If you are looking for a focal point in the town then it would likely be the old Tuesday Market Place , in particular in the past several years since the Corn Exchange has been remodeled into a substantial centre of entertainment. Most of the houses and buildings around the Tuesday Market Place are Victorian or even earlier. These include the striking Duke's Head Hotel, put up in 1683, and a grade II listed structure since 1951, the Corn Exchange (1854) and the Globe Hotel (originally erected in 1650).

A History of King's Lynn - Quite possibly in the beginning a Celtic community, and unquestionably settled in Anglo Saxon times it was stated simply as Lun in the Domesday Book (1086), and controlled by Bishop Almer of Elmham. The town was only called King's Lynn in and after the 16th century, and had initially been known as Bishop's Lynn (and merely Lynn previous to this), the Bishop's aspect of the name was bestowed simply because it was governed by a Bishop, who established a Benedictine priory there in the late eleventh century, and it was the Bishop who first granted the town the right to hold a weekly street market in 1101. It was also at close to this time that the first Church of St Margaret was constructed.

Bishop's Lynn steadily evolved into a vital commerce centre and port, with products like wool, grain and salt shipped out from the harbour. By the arrival of the 14th C, Bishop's Lynn was among the major ports in the British Isles and significant amount of trade was done with the Hanseatic League members (Baltic and Germanic traders), with the Hanseatic Warehouse in St Margaret's Lane being erected for them in fourteen seventy five.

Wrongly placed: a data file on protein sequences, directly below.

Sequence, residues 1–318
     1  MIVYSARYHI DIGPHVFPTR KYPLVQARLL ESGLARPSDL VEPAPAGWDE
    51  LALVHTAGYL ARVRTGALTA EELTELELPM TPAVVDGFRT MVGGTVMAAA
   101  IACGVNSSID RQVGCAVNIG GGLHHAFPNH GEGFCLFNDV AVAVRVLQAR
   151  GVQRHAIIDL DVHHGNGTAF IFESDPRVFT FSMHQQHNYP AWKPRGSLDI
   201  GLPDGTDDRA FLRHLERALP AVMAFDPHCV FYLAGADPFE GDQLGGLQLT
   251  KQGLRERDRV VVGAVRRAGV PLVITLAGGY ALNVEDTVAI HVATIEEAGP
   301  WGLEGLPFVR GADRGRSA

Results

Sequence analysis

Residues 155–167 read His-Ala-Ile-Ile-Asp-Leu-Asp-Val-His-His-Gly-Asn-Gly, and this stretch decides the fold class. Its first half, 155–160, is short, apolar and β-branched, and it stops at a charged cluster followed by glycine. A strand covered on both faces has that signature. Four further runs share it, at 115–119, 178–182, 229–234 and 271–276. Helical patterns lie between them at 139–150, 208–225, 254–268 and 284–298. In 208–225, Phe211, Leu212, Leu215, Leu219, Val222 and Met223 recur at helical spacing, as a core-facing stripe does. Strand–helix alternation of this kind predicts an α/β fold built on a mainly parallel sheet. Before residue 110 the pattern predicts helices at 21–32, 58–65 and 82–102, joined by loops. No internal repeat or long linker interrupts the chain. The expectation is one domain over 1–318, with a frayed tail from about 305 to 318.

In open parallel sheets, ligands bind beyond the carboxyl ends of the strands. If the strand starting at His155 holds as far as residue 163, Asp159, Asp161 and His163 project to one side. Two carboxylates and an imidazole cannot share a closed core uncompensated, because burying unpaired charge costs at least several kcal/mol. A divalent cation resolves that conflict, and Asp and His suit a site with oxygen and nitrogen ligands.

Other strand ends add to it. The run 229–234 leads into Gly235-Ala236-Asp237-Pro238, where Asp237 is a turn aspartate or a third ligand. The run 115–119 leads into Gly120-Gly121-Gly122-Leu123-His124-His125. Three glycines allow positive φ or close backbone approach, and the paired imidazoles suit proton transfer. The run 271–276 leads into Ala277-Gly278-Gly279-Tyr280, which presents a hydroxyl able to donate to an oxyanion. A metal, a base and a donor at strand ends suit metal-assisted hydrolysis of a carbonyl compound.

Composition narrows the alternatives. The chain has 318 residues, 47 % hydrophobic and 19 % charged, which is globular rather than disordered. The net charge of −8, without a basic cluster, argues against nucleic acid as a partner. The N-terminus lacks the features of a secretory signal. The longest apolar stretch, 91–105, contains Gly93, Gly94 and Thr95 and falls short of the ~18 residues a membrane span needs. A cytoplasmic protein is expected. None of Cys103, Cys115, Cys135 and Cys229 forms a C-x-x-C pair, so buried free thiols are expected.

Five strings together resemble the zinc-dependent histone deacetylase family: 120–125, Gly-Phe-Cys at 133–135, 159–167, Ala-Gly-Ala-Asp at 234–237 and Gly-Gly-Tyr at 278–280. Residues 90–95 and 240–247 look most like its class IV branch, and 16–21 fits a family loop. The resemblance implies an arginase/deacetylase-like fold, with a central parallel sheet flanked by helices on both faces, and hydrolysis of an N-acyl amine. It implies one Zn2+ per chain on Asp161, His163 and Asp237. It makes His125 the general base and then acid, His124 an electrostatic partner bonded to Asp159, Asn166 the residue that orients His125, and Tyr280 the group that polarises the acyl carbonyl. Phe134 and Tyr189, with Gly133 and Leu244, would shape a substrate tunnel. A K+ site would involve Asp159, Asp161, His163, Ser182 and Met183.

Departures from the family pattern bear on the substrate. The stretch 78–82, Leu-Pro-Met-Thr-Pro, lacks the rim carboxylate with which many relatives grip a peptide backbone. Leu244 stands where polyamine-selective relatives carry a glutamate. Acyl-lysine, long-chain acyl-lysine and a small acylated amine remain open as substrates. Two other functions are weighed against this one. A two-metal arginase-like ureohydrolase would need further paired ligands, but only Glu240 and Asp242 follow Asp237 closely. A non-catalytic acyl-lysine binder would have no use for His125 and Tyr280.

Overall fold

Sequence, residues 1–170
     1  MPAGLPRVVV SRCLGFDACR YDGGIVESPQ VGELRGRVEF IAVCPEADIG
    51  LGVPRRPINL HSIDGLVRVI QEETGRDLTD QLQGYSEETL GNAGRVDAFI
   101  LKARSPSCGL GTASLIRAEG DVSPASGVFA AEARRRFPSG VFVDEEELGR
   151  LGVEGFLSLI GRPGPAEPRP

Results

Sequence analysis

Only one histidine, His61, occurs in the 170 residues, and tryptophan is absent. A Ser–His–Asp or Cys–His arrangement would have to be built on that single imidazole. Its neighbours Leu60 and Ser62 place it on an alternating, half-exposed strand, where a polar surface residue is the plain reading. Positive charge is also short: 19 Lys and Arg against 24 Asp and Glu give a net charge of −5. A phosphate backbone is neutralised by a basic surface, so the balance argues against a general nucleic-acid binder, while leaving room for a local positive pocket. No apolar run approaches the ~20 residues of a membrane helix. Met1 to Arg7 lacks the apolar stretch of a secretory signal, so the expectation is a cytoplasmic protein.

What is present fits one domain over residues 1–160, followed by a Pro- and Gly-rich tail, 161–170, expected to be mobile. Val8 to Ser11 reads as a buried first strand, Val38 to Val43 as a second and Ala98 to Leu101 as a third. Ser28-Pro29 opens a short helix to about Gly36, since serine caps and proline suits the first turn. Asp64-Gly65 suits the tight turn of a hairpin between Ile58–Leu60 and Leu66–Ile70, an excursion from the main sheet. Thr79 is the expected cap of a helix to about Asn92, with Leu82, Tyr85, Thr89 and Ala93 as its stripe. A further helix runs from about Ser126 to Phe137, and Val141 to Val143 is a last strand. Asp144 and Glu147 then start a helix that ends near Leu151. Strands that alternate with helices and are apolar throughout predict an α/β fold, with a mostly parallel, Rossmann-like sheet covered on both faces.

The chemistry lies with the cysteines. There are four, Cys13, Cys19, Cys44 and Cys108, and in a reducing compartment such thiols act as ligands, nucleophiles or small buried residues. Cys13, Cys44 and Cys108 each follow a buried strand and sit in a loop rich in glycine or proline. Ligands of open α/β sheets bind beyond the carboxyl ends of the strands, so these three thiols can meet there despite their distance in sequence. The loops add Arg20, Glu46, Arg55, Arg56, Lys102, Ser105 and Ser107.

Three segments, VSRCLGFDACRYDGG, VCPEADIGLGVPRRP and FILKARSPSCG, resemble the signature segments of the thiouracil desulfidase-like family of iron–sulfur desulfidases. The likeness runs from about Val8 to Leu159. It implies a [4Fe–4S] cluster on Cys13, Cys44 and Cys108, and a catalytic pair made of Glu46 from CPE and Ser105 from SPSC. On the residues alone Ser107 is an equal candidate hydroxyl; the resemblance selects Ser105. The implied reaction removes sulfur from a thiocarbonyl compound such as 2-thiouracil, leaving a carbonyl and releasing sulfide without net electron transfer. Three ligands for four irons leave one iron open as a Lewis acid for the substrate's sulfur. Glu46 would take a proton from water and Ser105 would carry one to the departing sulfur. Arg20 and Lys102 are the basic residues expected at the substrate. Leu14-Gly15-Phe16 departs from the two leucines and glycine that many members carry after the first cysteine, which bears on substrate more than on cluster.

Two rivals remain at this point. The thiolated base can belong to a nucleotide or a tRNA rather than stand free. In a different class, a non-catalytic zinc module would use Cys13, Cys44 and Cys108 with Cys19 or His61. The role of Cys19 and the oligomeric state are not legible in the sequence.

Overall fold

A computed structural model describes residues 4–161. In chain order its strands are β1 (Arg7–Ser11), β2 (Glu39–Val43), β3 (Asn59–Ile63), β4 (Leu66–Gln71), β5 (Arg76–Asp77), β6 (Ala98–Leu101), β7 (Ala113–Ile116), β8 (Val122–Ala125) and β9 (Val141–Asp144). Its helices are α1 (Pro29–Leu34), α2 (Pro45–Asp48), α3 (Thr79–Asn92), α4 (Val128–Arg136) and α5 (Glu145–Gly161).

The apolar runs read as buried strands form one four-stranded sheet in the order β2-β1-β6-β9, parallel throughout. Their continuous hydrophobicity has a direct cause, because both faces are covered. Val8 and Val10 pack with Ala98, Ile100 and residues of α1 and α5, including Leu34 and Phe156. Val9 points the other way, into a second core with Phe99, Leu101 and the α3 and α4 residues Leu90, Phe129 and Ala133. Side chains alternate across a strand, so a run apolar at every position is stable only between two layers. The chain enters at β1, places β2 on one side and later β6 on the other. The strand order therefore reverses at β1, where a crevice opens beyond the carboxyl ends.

Bishop's Lynn withstood a pair of big catastrophes in the 14th century, firstly was a severe fire which wiped out most of the town, and the second in the shape of the Black Death, a terrible plague which resulted in the death of over fifty percent of the town's inhabitants during the period 1348 and 1349. In 1537, in the rule of Henry the 8th, Bishop's Lynn came under the control of the king instead of the bishop and it was subsequently called King's Lynn, the year after the King also shut down the Benedictine Priory during his Dissolution of the Monasteries (1536 to 1541).